The French love any opportunity to eat cake and celebrate. And unlike in the UK where Christmas is over once New Year’s Day has come and gone, the celebrations continue here in France.
Enter the 700 year old tradition of Galette des Rois, the “king cake.” This yummy sweet baked cake has been in existence since the 14th century, and is served on January 6th, the 12th Day of Christmas.
Traditionally the 12th day celebrates Epiphany. A religious day of feasting to commemorate the arrival of the Three Wise Men at the manger where Jesus lay.
You’ll see this cake given pride of place in the pâtisserie (pastry shop), boulangerie (bakery), and your local supermarché (supermarket). It’s usually adorned with a golden crown which represents the tradition of a tiny charm buried in the cake.
Whoever gets this charm in their slice of cake is then “king for a day”.
How do you make Galette des Rois?
Now depending upon where in France you are depends on the way this cake is baked.
The style I’ve seen the most is made with pâte feuilleté, puff pastry, and then filled with frangipane, a creamy almond paste. Historically this style is found more in the North of France. But it’s also the one you’ll see most displayed on blogs and social media.
Other variations include a brioche style with candied fruit and shortbread, as well as a variety of fillings such as framboise, raspberry, and chocolat-poire, chocolate pear.
I tasted this cake for the first time this year and I have to say it was absolutely delicious. On instruction from my neighbour, and French friend Anne, I served it warm straight out of the oven and it literally did melt in my mouth.
Unfortunately, my slice didn’t have the charm so I wasn’t able to be Queen for a Day.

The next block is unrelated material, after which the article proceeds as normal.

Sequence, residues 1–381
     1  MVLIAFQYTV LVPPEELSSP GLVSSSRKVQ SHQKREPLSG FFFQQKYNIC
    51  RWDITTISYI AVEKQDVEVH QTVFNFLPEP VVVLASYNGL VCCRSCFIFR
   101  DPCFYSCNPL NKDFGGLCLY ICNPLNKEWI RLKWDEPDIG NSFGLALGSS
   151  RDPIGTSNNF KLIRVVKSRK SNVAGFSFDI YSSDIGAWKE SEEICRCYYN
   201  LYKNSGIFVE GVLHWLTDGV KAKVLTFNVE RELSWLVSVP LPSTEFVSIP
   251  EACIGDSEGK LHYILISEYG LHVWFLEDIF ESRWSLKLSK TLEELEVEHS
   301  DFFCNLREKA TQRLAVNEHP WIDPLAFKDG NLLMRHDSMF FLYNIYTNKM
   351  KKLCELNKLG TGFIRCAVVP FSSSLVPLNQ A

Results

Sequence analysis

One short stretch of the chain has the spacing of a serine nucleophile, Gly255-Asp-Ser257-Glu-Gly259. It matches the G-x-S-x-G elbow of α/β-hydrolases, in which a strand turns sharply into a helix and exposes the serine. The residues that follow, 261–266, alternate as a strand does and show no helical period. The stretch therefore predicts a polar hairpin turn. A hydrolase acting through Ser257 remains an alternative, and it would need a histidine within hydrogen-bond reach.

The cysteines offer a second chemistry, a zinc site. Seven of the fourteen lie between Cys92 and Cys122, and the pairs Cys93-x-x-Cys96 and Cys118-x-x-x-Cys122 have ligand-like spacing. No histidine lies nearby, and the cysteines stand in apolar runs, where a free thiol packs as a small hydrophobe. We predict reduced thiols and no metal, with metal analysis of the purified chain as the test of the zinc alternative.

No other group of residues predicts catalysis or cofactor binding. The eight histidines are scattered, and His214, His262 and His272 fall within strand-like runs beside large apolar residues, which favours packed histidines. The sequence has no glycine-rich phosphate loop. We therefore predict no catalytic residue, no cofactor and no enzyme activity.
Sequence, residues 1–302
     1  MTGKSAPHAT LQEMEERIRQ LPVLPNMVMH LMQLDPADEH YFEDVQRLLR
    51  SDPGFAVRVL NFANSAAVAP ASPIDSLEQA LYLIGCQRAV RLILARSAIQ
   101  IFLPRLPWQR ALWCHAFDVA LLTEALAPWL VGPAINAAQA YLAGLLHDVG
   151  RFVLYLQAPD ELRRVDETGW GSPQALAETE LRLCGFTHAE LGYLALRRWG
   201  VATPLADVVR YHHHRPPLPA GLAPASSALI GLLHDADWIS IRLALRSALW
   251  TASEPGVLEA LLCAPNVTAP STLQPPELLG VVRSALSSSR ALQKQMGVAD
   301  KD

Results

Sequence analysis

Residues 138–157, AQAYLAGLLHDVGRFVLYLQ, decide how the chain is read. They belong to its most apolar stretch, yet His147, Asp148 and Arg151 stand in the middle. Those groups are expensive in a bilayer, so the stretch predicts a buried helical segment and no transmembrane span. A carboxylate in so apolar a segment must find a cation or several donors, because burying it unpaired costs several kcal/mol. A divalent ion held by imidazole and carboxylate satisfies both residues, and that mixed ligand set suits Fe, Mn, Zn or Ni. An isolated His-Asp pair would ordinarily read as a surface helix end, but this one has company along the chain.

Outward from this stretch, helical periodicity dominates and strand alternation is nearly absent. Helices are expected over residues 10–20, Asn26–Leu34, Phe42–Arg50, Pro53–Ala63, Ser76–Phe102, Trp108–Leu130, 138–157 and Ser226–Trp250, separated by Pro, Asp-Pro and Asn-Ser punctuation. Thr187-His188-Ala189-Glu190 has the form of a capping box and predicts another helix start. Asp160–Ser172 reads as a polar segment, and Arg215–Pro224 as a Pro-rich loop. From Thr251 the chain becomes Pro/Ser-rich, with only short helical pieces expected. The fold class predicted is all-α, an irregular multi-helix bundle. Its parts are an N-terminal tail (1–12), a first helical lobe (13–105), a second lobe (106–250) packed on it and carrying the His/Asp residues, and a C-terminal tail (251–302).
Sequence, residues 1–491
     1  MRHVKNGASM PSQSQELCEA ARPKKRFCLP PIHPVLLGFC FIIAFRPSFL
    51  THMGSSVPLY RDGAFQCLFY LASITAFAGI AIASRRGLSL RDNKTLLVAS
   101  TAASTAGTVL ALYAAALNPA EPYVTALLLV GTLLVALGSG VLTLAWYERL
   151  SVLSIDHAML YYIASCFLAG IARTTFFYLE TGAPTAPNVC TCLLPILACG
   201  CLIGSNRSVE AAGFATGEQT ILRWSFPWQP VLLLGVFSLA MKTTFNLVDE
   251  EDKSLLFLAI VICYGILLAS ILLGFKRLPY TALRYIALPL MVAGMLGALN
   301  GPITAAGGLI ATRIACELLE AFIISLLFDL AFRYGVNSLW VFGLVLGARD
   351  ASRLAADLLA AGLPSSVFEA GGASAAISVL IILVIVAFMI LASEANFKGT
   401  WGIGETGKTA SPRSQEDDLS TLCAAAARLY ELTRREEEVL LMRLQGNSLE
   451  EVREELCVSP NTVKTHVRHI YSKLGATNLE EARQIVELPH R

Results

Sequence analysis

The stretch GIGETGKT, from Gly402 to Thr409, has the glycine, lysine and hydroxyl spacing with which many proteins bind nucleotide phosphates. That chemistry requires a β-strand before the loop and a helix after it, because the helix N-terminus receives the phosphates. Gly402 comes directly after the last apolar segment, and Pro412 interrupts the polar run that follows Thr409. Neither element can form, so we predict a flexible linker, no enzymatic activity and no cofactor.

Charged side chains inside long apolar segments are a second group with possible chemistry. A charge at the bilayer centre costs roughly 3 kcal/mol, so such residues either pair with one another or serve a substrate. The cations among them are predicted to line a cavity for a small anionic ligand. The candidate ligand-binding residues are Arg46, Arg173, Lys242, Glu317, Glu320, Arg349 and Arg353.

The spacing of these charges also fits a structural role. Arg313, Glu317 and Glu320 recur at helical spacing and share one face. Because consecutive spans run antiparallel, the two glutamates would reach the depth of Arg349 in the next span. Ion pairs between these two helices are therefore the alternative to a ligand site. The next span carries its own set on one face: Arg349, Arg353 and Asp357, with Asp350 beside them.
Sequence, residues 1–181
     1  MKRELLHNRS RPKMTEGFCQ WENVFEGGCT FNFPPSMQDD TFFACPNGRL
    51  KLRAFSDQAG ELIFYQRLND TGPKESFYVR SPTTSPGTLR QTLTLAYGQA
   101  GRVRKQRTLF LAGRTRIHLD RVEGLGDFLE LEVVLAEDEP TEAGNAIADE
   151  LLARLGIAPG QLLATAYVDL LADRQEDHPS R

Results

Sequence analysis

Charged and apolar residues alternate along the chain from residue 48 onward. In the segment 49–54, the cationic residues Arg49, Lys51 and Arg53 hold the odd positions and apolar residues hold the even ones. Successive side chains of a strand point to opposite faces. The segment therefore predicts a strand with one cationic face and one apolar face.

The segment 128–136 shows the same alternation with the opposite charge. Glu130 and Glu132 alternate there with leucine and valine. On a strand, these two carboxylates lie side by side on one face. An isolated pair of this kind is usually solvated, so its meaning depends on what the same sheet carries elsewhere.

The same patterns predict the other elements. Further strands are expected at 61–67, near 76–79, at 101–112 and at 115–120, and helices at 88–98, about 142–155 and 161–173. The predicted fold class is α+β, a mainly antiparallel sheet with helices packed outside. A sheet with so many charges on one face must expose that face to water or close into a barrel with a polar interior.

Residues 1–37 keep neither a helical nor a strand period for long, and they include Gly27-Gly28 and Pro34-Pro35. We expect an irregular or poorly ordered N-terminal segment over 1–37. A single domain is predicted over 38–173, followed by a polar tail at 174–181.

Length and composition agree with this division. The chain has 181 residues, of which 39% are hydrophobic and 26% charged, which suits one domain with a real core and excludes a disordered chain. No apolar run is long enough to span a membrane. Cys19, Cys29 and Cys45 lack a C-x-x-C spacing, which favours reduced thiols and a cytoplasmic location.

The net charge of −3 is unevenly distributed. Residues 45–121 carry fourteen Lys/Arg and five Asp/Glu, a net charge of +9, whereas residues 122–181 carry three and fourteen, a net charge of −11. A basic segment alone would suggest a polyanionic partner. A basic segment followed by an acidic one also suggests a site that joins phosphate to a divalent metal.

The History of Galette des Rois?
Traditionally the cake should be divided into servings for each guest with one left spare. Its left in case someone you weren’t expecting should arrive or for a poor person who might be passing. This allows everyone the chance to “tirer les rois,” draw the kings, and become king for a day.
Historically, the king was represented by a fève, fava bean, but now it’s usually a little plastic figure. If you’re lucky enough to discover the lucky charm you’re then declared le roi, the king or la reine, the queen. Then you get to wear the golden crown that accompanies the cake for the rest of the day.
This tradition is taken very seriously. To ensure there is no cheating the youngest child present goes under the table and shouts out the name of each person to receive their slice. That way there is no way of knowing who will get which piece.
I haven’t yet attempted to make this myself. But if you’re game and want to give it a go, here’s a couple of recipes for you to try.
For the puff pastry version, click here, and the brioche style click here.
And it goes without saying I’d love to know how you get in so don’t be shy. Feel free to share your pictures with me and tag us on Instagram and Facebook so we can see how they turn out.
Another tradition you might like is La Chandeleur – all about crêpes